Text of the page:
Artificial Intelligence (or AI for short) has a long and prestigious history in cinema, from the manical False Maria of Fritz Lang’s silent classic Metropolis through to the menacing HAL in Stanley Kubrick’s 2001: A Space Odyssey and the sultry charm of Samantha in Spike Jonze’s Her.
Whilst the characteristics of the AI that are portrayed in these films are as variable as the pictures in which they appear, the majority of them portray their creations as anthropomorphised beings, imbuing them with familiar human characteristics with which we can identify with.
One of the most well known examples of AI in films is in Ridley Scott’s 1982 classic Blade Runner, which stars Harrison Ford as Decker, a law enforcer tasked with stopping Rutger Hauer and his merry band of replicants, as they attempt to hunt down their programmers by whatever means necessary. During the course of the film we see Decker begin to question the notion of existence and memory, as he gradually begins to fall in love with one of the replicants that he is supposed to be ‘retiring’. Meanwhile the remaining replicants discover what it means to be “more human than human” (the motto of the Tyrell Corporation, the company that created them).
In order to discuss the accuracy of the depiction of the AI in Blade Runner, and other films, we talk to Martyn Amos, professor in novel computation at MMU. Amongst other things Martyn introduces us to the concept of embodiment, i.e. why is it that the many of the AI that we see perceived in films not only demonstrates human-like emotions and characteristics, but also mirror their physical features and appearances. Martyn also explains why AI is to blame for some books being listed for thousands of pounds on Amazon, and why we should live in awe of termites.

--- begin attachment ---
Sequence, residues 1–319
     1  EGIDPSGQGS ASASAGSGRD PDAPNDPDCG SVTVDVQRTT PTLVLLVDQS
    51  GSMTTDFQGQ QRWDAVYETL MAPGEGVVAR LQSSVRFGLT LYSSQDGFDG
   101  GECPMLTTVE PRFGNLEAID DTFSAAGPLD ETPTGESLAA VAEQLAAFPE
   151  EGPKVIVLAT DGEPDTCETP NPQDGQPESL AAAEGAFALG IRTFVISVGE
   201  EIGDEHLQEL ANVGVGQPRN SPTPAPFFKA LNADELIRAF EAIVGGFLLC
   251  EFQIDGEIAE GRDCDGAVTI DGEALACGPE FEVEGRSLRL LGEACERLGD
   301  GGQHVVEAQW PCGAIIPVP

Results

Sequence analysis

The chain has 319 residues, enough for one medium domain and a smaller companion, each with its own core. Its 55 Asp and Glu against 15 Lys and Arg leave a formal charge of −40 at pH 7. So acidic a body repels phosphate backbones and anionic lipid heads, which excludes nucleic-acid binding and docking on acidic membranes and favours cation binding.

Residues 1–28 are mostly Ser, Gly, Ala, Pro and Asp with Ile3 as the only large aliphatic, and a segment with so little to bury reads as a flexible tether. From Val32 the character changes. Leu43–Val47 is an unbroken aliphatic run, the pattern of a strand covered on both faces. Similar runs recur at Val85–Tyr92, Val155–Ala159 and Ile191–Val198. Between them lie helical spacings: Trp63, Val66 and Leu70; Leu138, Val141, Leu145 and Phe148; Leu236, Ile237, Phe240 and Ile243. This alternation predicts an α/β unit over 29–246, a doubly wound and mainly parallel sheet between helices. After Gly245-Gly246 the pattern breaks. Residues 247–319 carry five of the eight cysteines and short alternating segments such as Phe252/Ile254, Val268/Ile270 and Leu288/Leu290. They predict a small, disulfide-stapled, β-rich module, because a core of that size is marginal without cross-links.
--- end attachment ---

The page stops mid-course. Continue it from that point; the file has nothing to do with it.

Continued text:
We also talk to Martyn about the Turing Test, a test designed by Alan Turing to determine if a machine’s behaviour is indistinguishable from that of a human. Effectively this test can be used to determine if an unknown entity is an AI or a human being, with variants of it used in the films Ex Machina and also Blade Runner. In the summer of 2014 a chatterbot (a computer program which makes conversation via the spoken or written word) by the name of Eugene Goostman successfully convinced a panel of judges that it was in fact human, but before you start planning for a dystopian future ruled over by our robot overlords, it is worth remembering that the validity of this achievement has been questioned by many critics, as pointed out in this excellent article by the New Yorker.
For those of you that are still worried that AI might be living amongst us, unnoticed, you can find out more about the future of AI here, alternatively you could play them at their own game by learning how to plan your own AI system with this online course from Coursera. And if you really have your suspicions about someone, why not convince them to take the Voight-Kampf test. Just don’t ask them any questions about their mother…
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